The Maple Leafs team is one of professional hockey’s most legendary and valuable franchises, having won 11 Stanley Cup hockey championships. It hasn’t, however, won a NHL championship since 1967, the longest drought of any team in the league.
Ontario Teachers is reportedly seeking between C$1.3 billion and C$1.5 billion ($1.33 billion to $1.54 billion). Such a price would make the sale the largest in Canadian sports history. A spokesman for the pension fund declined to comment.
As recently as December, Ontario Teachers was disavowing any interest in selling MLSE. During the last several weeks, the pension fund was privately approached by several potential buyers, according to the Globe and Mail. Because of this interest from potential buyers, the pension decided to hire Morgan Stanley to help with the bidding process. It put out a press release on Saturday.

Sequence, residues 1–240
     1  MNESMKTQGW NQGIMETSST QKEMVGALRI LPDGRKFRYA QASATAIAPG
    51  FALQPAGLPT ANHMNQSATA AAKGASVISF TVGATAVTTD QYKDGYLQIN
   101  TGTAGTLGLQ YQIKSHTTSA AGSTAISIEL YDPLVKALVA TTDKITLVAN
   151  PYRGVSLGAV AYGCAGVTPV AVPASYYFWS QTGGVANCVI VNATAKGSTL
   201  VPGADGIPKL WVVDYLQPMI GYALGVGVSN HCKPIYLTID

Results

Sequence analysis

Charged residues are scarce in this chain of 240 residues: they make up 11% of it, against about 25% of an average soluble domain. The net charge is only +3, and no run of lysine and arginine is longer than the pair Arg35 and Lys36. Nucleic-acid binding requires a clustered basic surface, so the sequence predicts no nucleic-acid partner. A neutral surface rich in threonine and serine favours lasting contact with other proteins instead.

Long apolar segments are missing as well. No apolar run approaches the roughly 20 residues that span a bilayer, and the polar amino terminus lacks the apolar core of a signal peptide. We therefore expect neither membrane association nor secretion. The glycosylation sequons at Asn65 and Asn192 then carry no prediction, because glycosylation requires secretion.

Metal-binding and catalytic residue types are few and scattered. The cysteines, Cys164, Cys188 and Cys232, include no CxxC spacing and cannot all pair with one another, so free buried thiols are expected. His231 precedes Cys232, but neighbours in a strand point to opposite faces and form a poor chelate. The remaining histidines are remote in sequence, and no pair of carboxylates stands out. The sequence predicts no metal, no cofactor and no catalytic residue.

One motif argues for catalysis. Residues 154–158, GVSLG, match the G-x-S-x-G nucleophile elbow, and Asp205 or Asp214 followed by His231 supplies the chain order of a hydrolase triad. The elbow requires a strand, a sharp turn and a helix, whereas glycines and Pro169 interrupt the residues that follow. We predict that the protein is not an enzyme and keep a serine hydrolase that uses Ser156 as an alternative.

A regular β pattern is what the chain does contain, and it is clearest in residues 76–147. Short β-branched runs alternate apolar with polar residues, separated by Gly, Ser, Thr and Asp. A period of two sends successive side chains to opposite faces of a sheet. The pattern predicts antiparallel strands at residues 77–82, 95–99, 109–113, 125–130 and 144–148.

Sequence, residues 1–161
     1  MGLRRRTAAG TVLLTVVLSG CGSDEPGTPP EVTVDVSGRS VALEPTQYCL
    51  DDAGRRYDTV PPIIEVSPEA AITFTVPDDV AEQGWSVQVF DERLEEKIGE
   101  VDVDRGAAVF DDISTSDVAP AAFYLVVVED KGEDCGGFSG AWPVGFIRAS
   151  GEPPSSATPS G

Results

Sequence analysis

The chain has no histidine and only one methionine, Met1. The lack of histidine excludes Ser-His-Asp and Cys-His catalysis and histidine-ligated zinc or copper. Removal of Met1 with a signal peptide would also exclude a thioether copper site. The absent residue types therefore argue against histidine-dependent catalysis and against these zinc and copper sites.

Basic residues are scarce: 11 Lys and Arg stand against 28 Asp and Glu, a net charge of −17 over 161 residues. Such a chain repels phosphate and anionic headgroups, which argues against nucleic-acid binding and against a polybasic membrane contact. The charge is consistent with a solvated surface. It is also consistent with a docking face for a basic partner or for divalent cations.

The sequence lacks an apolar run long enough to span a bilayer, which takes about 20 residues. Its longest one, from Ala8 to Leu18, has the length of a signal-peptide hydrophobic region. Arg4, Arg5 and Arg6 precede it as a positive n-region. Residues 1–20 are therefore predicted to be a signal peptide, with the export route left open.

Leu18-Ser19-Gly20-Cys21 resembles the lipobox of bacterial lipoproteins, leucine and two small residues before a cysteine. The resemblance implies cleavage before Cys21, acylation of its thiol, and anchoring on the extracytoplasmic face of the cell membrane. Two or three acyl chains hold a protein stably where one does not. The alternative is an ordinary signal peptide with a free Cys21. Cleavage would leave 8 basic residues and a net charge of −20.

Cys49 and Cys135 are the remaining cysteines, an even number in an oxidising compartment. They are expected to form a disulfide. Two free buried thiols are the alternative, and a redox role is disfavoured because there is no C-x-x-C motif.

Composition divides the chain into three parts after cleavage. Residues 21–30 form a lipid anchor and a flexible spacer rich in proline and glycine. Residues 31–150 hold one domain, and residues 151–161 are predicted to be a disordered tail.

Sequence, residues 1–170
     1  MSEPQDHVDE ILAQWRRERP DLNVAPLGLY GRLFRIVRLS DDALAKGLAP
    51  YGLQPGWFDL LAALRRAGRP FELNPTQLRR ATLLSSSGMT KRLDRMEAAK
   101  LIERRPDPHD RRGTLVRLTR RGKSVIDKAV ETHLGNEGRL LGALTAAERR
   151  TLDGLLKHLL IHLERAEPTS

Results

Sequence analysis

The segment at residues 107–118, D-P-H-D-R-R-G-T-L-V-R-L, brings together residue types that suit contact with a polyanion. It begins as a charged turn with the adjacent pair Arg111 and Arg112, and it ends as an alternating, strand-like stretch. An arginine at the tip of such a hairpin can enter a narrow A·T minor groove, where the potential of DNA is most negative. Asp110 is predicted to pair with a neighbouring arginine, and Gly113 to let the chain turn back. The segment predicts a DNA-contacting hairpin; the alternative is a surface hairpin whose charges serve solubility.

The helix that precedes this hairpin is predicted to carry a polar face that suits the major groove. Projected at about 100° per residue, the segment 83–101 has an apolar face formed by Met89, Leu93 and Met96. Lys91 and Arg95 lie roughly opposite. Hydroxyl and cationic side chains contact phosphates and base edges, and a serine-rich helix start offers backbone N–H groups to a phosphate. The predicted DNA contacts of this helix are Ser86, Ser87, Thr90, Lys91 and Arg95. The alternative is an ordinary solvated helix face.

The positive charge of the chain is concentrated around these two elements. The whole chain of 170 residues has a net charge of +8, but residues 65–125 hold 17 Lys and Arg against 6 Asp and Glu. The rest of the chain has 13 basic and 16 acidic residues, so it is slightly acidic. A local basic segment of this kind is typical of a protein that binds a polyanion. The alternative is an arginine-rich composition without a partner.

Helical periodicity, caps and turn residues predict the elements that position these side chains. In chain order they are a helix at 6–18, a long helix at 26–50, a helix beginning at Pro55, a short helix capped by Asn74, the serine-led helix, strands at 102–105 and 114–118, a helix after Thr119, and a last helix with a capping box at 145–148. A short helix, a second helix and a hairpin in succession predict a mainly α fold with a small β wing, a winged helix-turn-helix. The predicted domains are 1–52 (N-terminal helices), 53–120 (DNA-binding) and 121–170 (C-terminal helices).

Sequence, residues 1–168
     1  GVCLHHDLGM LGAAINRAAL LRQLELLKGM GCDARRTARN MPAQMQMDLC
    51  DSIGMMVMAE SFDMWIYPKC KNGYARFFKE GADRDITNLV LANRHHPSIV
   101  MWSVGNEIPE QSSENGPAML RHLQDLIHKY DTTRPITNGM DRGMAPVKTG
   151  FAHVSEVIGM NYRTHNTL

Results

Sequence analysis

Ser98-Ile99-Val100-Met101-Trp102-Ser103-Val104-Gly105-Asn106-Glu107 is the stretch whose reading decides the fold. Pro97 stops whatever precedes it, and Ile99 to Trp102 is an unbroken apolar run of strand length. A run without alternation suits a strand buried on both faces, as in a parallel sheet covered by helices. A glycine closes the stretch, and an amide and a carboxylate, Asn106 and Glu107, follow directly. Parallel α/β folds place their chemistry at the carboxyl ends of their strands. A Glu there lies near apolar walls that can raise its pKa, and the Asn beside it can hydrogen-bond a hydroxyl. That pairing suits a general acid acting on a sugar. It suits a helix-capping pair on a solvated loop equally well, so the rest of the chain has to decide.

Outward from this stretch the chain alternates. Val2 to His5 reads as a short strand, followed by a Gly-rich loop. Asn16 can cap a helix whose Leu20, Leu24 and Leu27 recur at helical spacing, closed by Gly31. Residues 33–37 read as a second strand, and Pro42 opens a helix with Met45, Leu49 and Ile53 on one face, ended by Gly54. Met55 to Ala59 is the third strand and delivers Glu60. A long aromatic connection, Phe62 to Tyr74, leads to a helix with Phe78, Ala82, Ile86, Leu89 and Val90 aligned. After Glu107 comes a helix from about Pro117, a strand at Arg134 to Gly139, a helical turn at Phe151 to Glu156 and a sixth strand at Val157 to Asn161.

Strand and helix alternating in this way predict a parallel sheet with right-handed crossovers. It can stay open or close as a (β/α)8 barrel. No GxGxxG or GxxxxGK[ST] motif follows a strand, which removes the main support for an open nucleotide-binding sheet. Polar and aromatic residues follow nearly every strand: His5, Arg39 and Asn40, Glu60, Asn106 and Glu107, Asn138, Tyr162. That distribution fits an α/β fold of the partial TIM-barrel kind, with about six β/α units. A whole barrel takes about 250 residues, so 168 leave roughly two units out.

The remaining stakes in MLSE are owned by construction mogul Larry Tanenbaum, with 20.5 percent, and TD Capital, with 13.5 percent. Both Tanenbaum and TD Capital have a right of first refusal to buy a defined portion of Ontario Teachers’s stake.
Among possible outside buyers, reports mentioned cable and wireless provider, Rogers Communications, which owns the Toronto Blue Jays and Sportsnet, a Canadian sports channel.
As Canada’s third-largest pension fund, Ontario Teachers has more than $100 billion in assets and covers more than 295,000 teachers and retirees, according to the press release.
Canada’s do-it-yourself pension plans have tended to make their own direct investments in private firms like MLSE, bypassing the expense and fees (and possibly missing out on the expertise) of private equity firms. Most pension funds in the United States, by contrast, invest in private companies almost exclusively through private equity firms.